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Local donations help destitute in Myanmar

About $20,000 has been raised so far to help a New London woman provide assistance to a Baptist church community in Myanmar that was hit by a powerful and destructive cyclone two weeks ago.

About $20,000 has been raised so far to help a New London woman provide assistance to a Baptist church community in Myanmar that was hit by a powerful and destructive cyclone two weeks ago.

At least another $10,000 will be needed to help meet the short-term needs of the church group.

Those needs include a commitment to care for 170 refugees left destitute by the storm, according to the Rev. Duane Semmler.

Semmler, who lives in rural New London and is pastor at Tripolis Lutheran Church and Ebenezer Lutheran Church of Kandiyohi, has been spear-heading fundraising efforts here.

The donations are being funneled to his daughter, Susan, who has spent the last four years living and teaching in Myanmar.

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She has purchased "thousands of dollars of rice and drinking water" that were distributed in the days following the storm, he said.

And she has spent the last two weeks coordinating recovery efforts with Burmese church leaders in Yangon who will carry on the mission after she leaves Myanmar at the end of the month and returns to Minnesota.

Initially the long-range plan was to use donations to repair the roofs of the church members' homes, said Semmler, who has been in regular contact with his daughter.

But the congregational members decided they could fix their own roofs and would instead dedicate donations to help refugees who were forced to leave villages that were totally destroyed by the storm.

Even though they have very little themselves, and what they have was damaged in the storm, the church members decided they would host and help the refugees.

"They can't afford to take care of them, but they're doing it anyway," said Semmler, who hopes additional donations can be raised locally for the cause.

He said anywhere from "$10,000 to $1 million" is needed there.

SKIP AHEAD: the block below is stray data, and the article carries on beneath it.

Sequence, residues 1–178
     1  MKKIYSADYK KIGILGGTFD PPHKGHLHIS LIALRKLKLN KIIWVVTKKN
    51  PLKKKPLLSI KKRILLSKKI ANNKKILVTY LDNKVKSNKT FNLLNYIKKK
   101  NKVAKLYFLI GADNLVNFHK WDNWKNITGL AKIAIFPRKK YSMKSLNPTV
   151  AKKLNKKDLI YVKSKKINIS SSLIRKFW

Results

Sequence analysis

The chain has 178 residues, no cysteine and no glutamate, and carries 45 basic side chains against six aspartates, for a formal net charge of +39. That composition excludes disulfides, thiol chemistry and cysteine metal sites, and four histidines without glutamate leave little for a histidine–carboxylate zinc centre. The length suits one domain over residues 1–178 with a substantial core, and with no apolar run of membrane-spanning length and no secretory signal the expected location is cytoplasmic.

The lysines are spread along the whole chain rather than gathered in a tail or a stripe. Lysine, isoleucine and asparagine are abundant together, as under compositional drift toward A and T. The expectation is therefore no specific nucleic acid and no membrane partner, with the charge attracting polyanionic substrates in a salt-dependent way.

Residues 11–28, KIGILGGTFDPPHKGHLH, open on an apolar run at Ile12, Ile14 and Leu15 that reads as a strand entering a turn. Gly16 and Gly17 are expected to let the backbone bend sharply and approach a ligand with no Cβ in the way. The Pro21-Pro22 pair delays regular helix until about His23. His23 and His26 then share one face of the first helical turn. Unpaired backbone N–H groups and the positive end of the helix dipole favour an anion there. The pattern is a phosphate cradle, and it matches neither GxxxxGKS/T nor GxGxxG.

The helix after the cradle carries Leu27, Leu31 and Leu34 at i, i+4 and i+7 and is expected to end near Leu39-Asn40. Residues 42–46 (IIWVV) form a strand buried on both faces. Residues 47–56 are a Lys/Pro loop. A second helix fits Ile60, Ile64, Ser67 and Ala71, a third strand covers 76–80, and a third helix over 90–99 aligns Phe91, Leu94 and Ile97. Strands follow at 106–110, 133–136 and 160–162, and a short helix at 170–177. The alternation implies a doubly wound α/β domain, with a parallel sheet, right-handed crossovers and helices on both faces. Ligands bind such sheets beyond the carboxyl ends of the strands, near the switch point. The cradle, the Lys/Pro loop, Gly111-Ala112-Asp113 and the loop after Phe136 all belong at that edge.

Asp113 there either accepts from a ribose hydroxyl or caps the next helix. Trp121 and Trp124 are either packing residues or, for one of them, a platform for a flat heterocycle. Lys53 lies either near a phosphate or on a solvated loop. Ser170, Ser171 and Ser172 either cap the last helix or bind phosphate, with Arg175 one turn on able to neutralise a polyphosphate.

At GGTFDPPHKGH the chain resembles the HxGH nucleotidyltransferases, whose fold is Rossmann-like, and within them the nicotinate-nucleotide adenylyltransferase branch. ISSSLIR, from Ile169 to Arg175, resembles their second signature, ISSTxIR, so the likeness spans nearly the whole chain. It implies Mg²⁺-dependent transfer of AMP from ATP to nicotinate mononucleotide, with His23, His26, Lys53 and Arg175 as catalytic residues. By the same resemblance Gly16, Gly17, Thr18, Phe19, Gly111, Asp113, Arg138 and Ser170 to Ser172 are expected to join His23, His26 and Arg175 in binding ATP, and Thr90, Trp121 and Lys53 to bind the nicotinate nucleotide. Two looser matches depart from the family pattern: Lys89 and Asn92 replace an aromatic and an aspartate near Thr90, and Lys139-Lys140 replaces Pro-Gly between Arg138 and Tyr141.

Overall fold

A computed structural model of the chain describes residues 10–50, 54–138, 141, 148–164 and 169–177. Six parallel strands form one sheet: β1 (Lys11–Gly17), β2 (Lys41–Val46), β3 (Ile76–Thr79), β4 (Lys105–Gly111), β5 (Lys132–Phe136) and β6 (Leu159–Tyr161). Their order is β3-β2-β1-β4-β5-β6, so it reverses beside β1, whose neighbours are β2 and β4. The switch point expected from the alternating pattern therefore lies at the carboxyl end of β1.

So far, 120 refugees have come to Yangon, a city of 6Β½ million. They are staying at a Bible school, which has floors, walls and a roof but not much else to offer.

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Besides losing their homes and entire villages, most have lost multiple family members. There are about two dozen orphans in the group that will likely be sent to an orphanage.

Semmler said his daughter purchased a change of clothing and a sleeping mat for the refugees, as well as food. About $500 was also used to purchase a generator to pump drinking water from a well.

He said seeing the "faces and the eyes of the desperate" who were thankful for the gifts they received was "uplifting" for Susan.

It was "humbling" to give simple clothes to someone who acted like they'd just been given gold, he said.

A second priority is to help the congregation there build a church facility.

Their 150-year old church was damaged beyond repair. But the members had been in the long slow process of building a simple community building that they will now use as a church. The walls are up but it needs a roof and a floor.

Having a church building will help the congregation continue their mission of helping other Burmese whose lives have been forever altered by the cyclone.

Donations can be sent to: Tripolis Lutheran Mission Fund (memo: Myanmar relief), Box 356, Kandiyohi, MN 56251.

Carolyn Lange is a features writer at the West Central Tribune. She can be reached at clange@wctrib.com or 320-894-9750
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